- Author: Philip Brownsey
Over the last few years a team of UC researchers have explored the potential of using plant phenology to identify when targeted grazing or mowing can be applied to have the largest negative impact on medusahead and barb goatgrass. Phenology refers to the timing of biological events throughout the year and how they relate to climate and landscape. Medusahead and barb goatgrass are mostly typical of other annual grasses in California (Figure 1) in that they germinate after the start of the fall rains, grow through the winter (Figure 2), and then produce reproductive parts, flowers and seeds, in the spring. This research shows that if grazing or mowing are applied before the stem begins to elongate, the effect of these control treatments on seed production is minimal. Applying grazing or mowing treatments after the stem elongates but before the seed head emerges can decrease seed production by more than ten-fold.
Parts associated with the flower and seed head play a big role in why these noxious weeds are undesirable. Both of these grasses produce long, stiff awns that make them unpalatable to livestock (and produce discomfort to people and pets when they become stuck in our clothes). In addition, analysis shows that the nutritional content of these grasses falls below adequate levels as forage for cattle and sheep as they begin to produce flowers and awns (Figure 3). Once seed heads develop mowing or grazing will not prevent the seeds from becoming viable and germinating (Figure 4).
These observations on how the traits of medusahead and barb goatgrass change through the growing season have allowed us to define limits for when targeted grazing and mowing should begin and end. Once medusahead and barb goatgrass become susceptible to defoliation in the spring, there is a 2 to 3 week window during which targeted grazing can be used to treat medusahead (at stocking rates of 1 to 3 Animal Unit Month, or AUMs per acre, depending on the initial standing crop of forage) followed by a 5 week window during which mowing can be effective to treat either medusahead or barb goatgrass. More information on treating these two noxious weeds will soon be available in the UC ANR publication 8567, “Barb Goatgrass and Medusahead: Timing of Grazing and Mowing Treatments” that will be available on the SFREC website and through the ANR Catalog site.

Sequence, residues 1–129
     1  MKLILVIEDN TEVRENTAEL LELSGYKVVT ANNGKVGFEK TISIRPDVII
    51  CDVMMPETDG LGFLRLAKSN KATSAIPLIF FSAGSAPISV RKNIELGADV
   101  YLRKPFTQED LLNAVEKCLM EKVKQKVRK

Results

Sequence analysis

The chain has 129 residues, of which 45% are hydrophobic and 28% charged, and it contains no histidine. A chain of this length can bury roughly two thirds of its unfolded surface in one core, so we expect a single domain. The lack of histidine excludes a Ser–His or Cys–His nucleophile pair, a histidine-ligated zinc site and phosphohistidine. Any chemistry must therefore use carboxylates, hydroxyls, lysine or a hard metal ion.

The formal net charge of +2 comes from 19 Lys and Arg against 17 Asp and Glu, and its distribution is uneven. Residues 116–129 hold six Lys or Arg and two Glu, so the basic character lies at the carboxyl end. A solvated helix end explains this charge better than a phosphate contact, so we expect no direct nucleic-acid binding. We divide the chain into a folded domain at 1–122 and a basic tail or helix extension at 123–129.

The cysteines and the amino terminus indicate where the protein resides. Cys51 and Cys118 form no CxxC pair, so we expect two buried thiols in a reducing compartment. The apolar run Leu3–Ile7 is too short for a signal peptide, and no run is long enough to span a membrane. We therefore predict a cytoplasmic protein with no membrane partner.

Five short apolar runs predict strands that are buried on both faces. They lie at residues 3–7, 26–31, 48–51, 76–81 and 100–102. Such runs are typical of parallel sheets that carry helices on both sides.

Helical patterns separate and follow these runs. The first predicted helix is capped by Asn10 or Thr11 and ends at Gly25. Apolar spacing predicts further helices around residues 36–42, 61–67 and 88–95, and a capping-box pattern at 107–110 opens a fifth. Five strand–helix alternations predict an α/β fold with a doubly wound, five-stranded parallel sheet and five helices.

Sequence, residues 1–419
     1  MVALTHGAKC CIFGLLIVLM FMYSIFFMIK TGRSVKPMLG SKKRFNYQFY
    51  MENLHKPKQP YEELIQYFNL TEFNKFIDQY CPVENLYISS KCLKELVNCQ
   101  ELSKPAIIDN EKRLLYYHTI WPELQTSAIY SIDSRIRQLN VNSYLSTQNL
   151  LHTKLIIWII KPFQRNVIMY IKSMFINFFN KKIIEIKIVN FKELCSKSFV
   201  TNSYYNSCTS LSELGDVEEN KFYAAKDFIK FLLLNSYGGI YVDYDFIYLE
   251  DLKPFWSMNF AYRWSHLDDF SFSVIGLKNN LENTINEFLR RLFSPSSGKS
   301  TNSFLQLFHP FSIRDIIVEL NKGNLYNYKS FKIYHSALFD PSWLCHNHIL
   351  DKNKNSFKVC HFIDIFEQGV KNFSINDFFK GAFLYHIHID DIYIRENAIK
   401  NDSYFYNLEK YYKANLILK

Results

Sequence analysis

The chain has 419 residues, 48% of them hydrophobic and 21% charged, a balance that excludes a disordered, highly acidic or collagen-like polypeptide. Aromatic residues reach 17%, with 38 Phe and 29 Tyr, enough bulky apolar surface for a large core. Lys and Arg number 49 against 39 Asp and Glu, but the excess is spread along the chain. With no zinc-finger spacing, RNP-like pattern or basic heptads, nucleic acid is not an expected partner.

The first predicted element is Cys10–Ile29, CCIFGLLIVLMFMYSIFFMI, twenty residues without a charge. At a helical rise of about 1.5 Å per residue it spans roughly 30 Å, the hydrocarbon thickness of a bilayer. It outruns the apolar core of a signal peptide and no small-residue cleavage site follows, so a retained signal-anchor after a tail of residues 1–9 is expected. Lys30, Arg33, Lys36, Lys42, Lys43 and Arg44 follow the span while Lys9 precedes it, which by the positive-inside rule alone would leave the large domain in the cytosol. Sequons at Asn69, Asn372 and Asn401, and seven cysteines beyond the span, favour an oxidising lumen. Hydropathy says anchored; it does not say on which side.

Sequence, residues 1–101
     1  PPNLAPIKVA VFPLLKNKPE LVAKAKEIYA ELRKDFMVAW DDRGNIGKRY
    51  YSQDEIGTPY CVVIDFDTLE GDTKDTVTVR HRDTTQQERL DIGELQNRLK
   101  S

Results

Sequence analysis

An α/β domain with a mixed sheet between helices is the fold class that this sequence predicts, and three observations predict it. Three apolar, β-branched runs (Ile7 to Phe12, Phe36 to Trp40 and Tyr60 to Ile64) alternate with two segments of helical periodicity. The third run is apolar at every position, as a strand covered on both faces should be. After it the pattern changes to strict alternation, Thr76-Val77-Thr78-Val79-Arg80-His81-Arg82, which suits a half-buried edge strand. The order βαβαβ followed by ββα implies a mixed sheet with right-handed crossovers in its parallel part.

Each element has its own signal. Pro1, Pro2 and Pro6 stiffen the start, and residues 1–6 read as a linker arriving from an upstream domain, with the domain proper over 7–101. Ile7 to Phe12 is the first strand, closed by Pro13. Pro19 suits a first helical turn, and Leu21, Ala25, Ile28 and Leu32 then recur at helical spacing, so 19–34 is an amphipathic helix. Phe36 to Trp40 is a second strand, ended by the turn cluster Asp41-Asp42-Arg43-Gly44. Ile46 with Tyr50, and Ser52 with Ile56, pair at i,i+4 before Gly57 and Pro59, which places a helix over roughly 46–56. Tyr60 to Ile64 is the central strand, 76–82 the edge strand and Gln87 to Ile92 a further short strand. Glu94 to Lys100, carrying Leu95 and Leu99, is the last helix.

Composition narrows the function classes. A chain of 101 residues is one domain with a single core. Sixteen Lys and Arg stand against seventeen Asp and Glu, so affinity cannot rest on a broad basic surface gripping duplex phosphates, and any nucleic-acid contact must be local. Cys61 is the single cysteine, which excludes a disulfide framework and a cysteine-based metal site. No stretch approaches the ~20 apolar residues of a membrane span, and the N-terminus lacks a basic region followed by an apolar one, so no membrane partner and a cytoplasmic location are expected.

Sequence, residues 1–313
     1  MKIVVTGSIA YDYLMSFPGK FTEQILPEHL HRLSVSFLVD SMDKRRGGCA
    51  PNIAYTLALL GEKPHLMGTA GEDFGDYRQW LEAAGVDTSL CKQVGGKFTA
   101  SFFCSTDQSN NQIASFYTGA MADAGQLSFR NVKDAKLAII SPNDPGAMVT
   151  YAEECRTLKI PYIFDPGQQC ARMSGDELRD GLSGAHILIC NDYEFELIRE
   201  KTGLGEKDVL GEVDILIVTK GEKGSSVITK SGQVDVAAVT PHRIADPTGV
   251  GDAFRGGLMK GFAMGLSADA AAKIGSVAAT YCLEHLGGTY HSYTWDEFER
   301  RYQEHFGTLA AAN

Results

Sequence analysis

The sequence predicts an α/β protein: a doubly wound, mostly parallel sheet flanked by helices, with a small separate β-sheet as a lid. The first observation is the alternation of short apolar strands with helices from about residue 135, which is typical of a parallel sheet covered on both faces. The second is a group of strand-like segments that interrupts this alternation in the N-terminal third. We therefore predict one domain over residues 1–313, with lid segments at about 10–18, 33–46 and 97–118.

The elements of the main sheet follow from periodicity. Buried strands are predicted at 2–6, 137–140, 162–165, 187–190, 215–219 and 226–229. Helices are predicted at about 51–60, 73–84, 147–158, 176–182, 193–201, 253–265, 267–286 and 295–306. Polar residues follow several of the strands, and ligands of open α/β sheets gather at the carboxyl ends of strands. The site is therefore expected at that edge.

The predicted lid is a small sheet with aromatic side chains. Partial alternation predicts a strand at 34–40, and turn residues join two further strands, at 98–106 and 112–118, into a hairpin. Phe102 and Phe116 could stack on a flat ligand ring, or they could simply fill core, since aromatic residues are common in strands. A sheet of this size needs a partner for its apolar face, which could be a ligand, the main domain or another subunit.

- Author: Jeremy James
Excitement is rising amongst rangeland weed managers, researchers, and conservationists as the date approaches for a forum on The Ecology and Management of Medusahead and Barb Goatgrass. Next Tuesday, November 5th, professionals across California and beyond will unite at the Sierra Foothill Research and Extension Center under a common interest with these rangeland invasive species.
The agenda with information on the specific topics and knowledgeable speakers is available. Staff and researchers associated with UCANR and UCCE will be speaking alongside other various professionals to discuss important topics. Seed dispersal, community dynamics, grazing, prevention, and NRCS programs available are a few of the targeted concepts that will be covered regarding medusahead and barb goatgrass invasions. Field visits and a free lunch are additional compelling components of the day.
Around 100 people are expected to attend. Jeremy James, Director of the Sierra Foothill Research & Extension Center, and Elise Gornish, UC Davis Plant Sciences Postdoc, among others, have been focusing their efforts on planning and organizing this regional educational effort.
- Author: Jeremy James
- Contributor: Maddison Easley
On November 5th, 2013, SFREC will bring together UC researchers, land managers, producers and conservation professionals from across the state to explore some of the latest research findings and management strategies on two of the most serious rangeland weeds, medusahead and barb goatgrass. Estimates indicted these invasive species may decrease forage quality and production by up to 70 percent. Additionally, these plants increase the incidence of eye problems, such as pink eye in beef cattle. Intermountain species like medusahead create significant fuel accumulation - increasing the frequency of dangerous wildfires that destroy both livestock feed and critical wildlife habitat.